My alarm started ringing 5 minutes later, or so it seemed. I got out of bed with a bit of a nervous feeling and forced some breakfast down even though I didn’t really feel hungry yet. We soon left for Lago Maggiore where we met up with Ettore again. It was getting exciting… we brought our gear over to the heli and started loading it before jumping in and beginning the thrilling ride over lush green hills and rocky mountain peaks. We could see mountain goats and beautiful scenery. I dont think the view from a helicopter could ever get boring! We got a fantastic look at the Eastern Face as well as the Marinelli and it was majestic! I was pretty much a bundle of nerves but at the same time, so excited and so in awe of this mountain! Our pilot dropped us off in an open field near the Capanna Margherita, the highest hut (or building for that matter!) in Europe. Just over 4.500 meters up there! The Monte Rosa itself reached 4.634 meters (15.203ft) and was something I always thought I would hike after seeing beautiful pictures of it from Dr. Ulf Künzel, a former colleague at UPM-Kymmene in Germany. We jumped out of the heli and stayed ducked down while our gear was unpacked and the bird lifted off and flew away. The heli creates a massive wind that will knock you over, which is one of the reasons to crouch down… I always kind of thought it was because you didn’t want to get your head near the rotor! Once the snow settled back down and the sexy roar of the heli faded off into the distance, we were overcome with a very peaceful quite and an unparalleled view. We still had a bit of a hike to the summit which we would cross to descend into the Marinelli. After just a few steps, I could feel how high up we were! The altitude change was from just under 200m at the lake, to over 4.500 here near the summit! I felt a little dizzy and my heart was definitely working overtime as we climbed the steep ridge. By the time we reached the top I wasn’t able to tell if my heart was going so fast due to altitude or respect of the endeavor! The view was magnificent. We took a few moments to take some pictures before gearing up to drop in. As if the entire experience wasn’t enough alone, the way the light was diffracted across the valleys and peaks below made it feel surreal. There was only a moment of time to enjoy the views before getting down to business and down the mountain. It was extremely late in the season already and the sun was out strongly, so we were in a race against nature to avoid potential avalanches. We had to traverse along the beginning of the route to an exposed blank ice patch which the guides set up a rappel for. I had done a large amount of rappelling in rock climbing so didn’t really feel concerned about that. In fact, being roped in would be the last legitimately safe feeling I would have until getting back off the snow! Rappelling with a snowboard on is a bit of a different ball game than having your feet free I found out. On top of that, I had to rappel to the left and didn’t actually have a chance to tune my edges of my LibTech Skate Banana… so I was having a bit of difficulty getting an edge to hold against the extremely hard glacier ice so I could ride switch down the rappel. It was awkward either way and Fabio, the guide at the bottom of the rappel, commented that he had thought I had done this before! I guess he hadn’t had to try it switch with dull edges before either. There was a long thin crevasse at the bottom of the rappel we had to get over as well, but being roped in made it no problem for me. The snow was not all I had hoped it might be… it was a bit hard and thin in places, no powder at all unfortunately. It would have been glorious to ride that line in powder! Since the late spring conditions were not fantastic and the crevasses were beginning to open up, we could only take short runs between meeting up and had to follow the guides tracks closely to avoid crevasses. I think that was my personal biggest concern about the whole experience… my utter lack of experience with crevasses. We did have to kind of ollie over one in the upper section of the face, it wasn’t a large one by any means but still required overcoming the hesitation in my muscles and bones. I did actually feel some kind of pride and satisfaction that I did it in the end. There was an amazing ice palace of blocks, cracks and intricately balancing chunks of glacier to gaze upon. It was captivating and chilling at the same time. We hurried down the mountain which seemed to finish just when I started getting really comfortable. We would have to climb down back to town from here on in. The route was far from over and carried my board while climbing down the rest of the mountain. After a few hours, my boots were completely soaked and causing irritating blisters. The heat was intense by the time we reached the end of the face and the flatter stretch of the terrain leading back to Macugnaga. Another few hours later, we met up with Ettore who had hiked in from the village to meet up with us. We chatted and had a short break before continuing on. I had to catch my flight back to Lisbon that night and it wasn’t getting any earlier! I was the slowest hiking down, suffering from the blisters and the weight of my gear taking its toll, the guys had to wait up for me every few hours til I caught up. I felt pretty bad about that but am admittedly the worlds slowest down-hiker to ever live. I think I might actually be faster going up hill! But after a grueling effort we reached the bar at Macugnaga and set our packs down. I gulped 2 juices down before sinking into a chair as the guys ordered some food. I was growing concerned about making my flight now that the sun was setting and night was taking over. Luckily we left with just the perfect amount of time to make my flight back to Portugal. Landing super late at night made it difficult to get up for a morning session of surfing to get the surf-board-surf sandwich within 48 hours checked off the bucket list, but I went for it! What an amazing couple of days! An experience of a lifetime, thank you I-FREE and Ettore!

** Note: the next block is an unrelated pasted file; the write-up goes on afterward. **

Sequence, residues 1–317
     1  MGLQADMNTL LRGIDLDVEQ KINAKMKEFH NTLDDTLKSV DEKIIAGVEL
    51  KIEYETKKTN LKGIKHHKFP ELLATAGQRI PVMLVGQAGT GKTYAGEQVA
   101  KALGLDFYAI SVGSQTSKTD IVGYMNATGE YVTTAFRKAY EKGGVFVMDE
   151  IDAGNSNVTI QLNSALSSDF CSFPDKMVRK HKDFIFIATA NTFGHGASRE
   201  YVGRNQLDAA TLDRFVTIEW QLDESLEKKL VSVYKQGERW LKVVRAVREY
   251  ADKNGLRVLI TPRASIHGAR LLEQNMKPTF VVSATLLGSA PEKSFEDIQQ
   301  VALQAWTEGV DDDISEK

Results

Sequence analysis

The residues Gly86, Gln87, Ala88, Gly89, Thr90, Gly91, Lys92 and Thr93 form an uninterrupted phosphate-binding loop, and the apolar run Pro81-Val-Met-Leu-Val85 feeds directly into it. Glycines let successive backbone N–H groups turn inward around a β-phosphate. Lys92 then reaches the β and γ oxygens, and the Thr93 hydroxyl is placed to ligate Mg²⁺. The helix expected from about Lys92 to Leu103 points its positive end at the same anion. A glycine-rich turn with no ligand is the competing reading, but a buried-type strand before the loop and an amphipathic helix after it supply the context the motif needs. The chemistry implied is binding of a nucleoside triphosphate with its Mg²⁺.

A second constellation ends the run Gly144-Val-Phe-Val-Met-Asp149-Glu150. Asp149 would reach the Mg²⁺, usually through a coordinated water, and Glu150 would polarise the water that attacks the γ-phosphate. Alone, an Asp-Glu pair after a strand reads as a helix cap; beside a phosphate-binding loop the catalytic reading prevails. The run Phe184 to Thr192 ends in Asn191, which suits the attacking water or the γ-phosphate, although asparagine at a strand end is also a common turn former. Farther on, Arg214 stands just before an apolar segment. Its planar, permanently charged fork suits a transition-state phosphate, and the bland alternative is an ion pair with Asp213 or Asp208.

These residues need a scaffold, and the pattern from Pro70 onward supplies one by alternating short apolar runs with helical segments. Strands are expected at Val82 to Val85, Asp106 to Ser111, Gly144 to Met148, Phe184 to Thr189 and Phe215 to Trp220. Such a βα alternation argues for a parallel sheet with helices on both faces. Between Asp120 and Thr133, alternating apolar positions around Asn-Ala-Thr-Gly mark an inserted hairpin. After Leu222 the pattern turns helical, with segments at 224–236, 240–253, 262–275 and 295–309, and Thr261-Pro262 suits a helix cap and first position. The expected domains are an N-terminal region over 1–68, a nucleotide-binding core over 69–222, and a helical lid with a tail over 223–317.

Pictures by Armin Holzer, Tommaso Gazzini and me